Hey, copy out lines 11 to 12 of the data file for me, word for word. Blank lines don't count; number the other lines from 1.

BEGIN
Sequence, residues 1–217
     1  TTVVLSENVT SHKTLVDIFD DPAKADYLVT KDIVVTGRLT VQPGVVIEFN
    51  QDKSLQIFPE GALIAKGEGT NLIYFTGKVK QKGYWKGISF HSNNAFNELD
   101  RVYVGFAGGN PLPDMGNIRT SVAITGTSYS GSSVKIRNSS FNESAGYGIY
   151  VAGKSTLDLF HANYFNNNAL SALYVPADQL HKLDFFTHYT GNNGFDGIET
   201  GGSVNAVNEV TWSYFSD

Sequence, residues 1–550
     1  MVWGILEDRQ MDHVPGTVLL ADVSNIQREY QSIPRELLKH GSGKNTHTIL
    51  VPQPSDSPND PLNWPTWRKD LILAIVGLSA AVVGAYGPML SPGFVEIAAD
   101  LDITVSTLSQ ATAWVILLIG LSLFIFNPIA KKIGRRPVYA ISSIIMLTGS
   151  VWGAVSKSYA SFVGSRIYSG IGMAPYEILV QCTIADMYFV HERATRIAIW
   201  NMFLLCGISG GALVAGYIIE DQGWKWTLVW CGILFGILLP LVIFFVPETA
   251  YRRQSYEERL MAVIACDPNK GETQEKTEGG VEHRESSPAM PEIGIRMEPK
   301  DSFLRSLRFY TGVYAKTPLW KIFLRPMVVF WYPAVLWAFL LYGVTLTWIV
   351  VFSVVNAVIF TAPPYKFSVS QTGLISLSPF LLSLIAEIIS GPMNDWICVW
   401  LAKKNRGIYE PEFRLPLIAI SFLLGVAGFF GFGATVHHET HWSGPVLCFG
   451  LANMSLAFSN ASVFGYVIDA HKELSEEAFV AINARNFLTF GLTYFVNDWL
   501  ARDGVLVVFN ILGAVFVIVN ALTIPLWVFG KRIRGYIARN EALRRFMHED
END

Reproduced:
   151  VWGAVSKSYA SFVGSRIYSG IGMAPYEILV QCTIADMYFV HERATRIAIW
   201  NMFLLCGISG GALVAGYIIE DQGWKWTLVW CGILFGILLP LVIFFVPETA